A quarterly specialized journal
The Message Of Folklore from Bahrain To The World

Folk Culture: A Source of Inspiration for Creative Works in the Gulf and the Arab Peninsula

Issue 4
Folk Culture: A Source of Inspiration for Creative Works in the Gulf and the Arab Peninsula

Ali Abdulla Khalifa

The literary and artistic works, such as One Thousand Nights and One, Sandibad , Ali Baba, Al- Wasiti drawings, etc. that reflect the spirit of the East have earned the admiration of Persian, German, French and Spanish intellectuals who translated them into their languages derived from the Arab culture. As a matter of fact, we cannot foresee a promising prospect for employing folk culture in modern artistic words while it is laid outside the realm of accumulative knowledge which lays the foundation of the new generation’s intellectuality. Utilizing folk culture in artistic works has been considerably receding in the Gulf and Peninsula region in the last decade, except for some commercially produced TV series that are broadcast in Ramadan and which usually mutilate folk culture. During the past ten years, one cannot remember a single work that has employed folk culture in a functional way. It follows that we cannot blame the Internet generation for being isolated form their folk culture if a specialized website that introduces well-documented oral folk material is still nonexistent while varied cultural works of other nations are available. Nor can we blame the new generation of literary figures for ignoring folk culture in their works.
No doubt that folk culture can be an inspirational source for creative words. This source helps merge the ‘ego’ and the ‘us’ together so they become a collective self which gives birth to innovative works in which the rhythm is shared by both the creator and the collective self, which is a collective rather than an individual experience. On the one hand, this inspiration charges the product with a immense imaginary energy that enables it to mesh place and time together with folk culture. On the other, it neutralizes the power of individuality.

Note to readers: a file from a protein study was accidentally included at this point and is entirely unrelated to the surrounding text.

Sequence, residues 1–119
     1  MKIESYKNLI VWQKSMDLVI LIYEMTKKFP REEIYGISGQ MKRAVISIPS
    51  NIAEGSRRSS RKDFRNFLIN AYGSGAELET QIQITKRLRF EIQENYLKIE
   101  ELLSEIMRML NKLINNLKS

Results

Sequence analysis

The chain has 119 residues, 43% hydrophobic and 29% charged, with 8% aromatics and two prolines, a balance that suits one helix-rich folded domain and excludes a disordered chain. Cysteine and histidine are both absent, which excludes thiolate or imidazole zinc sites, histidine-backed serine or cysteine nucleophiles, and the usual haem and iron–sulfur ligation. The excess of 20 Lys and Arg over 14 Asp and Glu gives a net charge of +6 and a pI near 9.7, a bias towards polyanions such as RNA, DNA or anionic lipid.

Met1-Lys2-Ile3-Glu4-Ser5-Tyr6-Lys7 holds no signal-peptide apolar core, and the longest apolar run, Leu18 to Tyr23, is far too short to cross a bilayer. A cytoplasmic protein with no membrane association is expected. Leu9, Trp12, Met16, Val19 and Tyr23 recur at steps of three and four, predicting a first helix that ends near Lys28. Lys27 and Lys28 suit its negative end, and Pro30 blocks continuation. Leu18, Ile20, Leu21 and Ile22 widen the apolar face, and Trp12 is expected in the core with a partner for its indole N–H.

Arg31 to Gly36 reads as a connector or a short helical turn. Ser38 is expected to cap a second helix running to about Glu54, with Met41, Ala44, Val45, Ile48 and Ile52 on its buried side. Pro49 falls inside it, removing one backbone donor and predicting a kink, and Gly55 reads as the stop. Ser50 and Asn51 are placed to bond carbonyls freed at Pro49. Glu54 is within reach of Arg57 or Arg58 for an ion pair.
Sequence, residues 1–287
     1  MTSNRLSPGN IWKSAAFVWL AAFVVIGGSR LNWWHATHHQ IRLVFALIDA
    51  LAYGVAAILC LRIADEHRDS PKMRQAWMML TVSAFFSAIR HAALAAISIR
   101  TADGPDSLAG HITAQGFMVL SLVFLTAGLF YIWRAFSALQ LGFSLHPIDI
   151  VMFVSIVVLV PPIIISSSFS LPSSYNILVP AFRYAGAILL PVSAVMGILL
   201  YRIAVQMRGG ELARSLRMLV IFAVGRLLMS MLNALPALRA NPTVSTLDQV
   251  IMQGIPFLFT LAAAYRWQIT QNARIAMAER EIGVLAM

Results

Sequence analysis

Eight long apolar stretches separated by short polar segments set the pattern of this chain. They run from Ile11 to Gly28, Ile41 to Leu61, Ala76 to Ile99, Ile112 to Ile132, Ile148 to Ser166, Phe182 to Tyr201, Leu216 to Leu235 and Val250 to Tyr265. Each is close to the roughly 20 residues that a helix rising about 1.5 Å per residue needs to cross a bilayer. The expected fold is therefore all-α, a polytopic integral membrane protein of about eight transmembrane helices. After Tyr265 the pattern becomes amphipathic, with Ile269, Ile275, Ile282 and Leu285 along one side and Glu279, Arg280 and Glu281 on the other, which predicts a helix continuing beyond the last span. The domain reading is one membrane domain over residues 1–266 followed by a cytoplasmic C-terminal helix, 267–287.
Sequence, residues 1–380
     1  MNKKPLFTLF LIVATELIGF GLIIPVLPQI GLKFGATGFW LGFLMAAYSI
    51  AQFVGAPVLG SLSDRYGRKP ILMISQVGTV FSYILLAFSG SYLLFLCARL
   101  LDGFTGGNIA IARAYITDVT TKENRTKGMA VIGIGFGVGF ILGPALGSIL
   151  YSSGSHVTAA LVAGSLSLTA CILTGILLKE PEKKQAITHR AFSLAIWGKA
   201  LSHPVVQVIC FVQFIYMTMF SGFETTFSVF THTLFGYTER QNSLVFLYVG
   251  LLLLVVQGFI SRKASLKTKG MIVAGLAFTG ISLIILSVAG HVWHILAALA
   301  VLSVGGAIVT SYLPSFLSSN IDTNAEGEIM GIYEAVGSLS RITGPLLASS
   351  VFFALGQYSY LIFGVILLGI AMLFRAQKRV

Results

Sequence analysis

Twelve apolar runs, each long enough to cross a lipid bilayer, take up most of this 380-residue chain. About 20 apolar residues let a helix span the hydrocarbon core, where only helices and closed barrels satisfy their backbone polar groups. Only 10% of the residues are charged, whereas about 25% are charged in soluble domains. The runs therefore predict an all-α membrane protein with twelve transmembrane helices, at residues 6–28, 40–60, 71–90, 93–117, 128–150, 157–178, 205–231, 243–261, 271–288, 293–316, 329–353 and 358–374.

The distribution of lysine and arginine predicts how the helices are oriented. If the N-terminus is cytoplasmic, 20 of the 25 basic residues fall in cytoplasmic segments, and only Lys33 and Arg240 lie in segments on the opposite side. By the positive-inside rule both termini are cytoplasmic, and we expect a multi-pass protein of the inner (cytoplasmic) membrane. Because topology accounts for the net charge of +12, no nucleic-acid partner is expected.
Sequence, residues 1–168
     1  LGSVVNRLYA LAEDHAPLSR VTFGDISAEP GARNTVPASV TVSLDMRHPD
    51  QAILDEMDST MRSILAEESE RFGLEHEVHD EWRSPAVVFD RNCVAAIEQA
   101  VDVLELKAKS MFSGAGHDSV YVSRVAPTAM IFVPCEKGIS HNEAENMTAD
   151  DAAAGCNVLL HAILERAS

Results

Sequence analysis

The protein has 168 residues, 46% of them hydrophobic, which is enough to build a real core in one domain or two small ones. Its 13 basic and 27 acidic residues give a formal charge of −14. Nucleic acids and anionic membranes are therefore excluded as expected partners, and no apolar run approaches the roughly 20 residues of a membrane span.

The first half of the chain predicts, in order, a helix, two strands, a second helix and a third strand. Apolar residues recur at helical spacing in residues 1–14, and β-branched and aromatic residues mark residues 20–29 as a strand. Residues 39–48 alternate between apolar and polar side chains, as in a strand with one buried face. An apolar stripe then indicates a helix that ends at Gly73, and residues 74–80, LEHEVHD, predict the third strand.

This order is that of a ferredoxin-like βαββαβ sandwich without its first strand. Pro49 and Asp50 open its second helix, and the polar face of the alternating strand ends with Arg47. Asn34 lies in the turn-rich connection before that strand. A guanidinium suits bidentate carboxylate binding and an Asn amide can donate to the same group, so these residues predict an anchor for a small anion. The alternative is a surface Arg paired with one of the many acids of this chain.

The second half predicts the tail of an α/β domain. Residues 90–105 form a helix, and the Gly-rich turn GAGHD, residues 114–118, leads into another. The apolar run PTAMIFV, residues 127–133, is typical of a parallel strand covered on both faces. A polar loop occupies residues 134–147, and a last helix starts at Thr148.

Inspiration is not a spontaneous entity; rather, it is based on intelligence and common sense and awareness of artistic traditions. The creator here does not draw only on his/ her intuition, but s/he first receives and then learns. Afterwards, s/he mixes what s/he has learned to produce a creative piece of art, an unprecedented picture that reflects his/her true nature, spirit and mood. The sources of inspiration can be traced back in the roots and social components of the cultural product, and the way it has evolved into a distinctive piece of art. It then becomes an allegory that parallels the inspirational activity itself. This shows how folk culture can contribute to this creation and to generating new innovative forms of art. Man’s relationship with the sea has had great bearing on creating innovative works of art in the gulf. The ‘pearl’ society came to light in the maritime sector to form an important aspect of the culture of the region. Due to its historical significance, poetry was the first form of art till the 1960s. The total picture was rosy and romantic. It portrays the sail, the waves, and the strong dark arms of the ‘Sandibad’s sons’ during their journey to the unknown, diving for pearls in order to secure some spices from faraway places! However, this outside frame of the picture is claimed to have been shattered upon the appearance of three works of art: Sailor’s Memoirs, Yawns of the Sail Post, and Enough Sea.
The three works were inspired by the traditions, customs and life of seamen and pearl diving.

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